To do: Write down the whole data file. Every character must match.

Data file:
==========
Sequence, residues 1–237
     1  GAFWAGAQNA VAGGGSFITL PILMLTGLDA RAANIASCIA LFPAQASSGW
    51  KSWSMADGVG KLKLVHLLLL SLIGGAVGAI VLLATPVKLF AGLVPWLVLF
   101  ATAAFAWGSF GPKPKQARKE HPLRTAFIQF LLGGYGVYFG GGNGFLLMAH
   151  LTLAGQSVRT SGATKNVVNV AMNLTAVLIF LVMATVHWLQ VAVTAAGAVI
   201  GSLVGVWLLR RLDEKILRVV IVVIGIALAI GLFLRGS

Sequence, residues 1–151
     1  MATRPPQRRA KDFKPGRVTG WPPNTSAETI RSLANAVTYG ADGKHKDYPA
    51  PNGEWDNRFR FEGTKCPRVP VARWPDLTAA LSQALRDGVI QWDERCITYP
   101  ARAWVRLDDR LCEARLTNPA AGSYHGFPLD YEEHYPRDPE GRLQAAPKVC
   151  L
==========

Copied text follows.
Sequence, residues 1–237
     1  GAFWAGAQNA VAGGGSFITL PILMLTGLDA RAANIASCIA LFPAQASSGW
    51  KSWSMADGVG KLKLVHLLLL SLIGGAVGAI VLLATPVKLF AGLVPWLVLF
   101  ATAAFAWGSF GPKPKQARKE HPLRTAFIQF LLGGYGVYFG GGNGFLLMAH
   151  LTLAGQSVRT SGATKNVVNV AMNLTAVLIF LVMATVHWLQ VAVTAAGAVI
   201  GSLVGVWLLR RLDEKILRVV IVVIGIALAI GLFLRGS

Sequence, residues 1–151
     1  MATRPPQRRA KDFKPGRVTG WPPNTSAETI RSLANAVTYG ADGKHKDYPA
    51  PNGEWDNRFR FEGTKCPRVP VARWPDLTAA LSQALRDGVI QWDERCITYP
   101  ARAWVRLDDR LCEARLTNPA AGSYHGFPLD YEEHYPRDPE GRLQAAPKVC
   151  L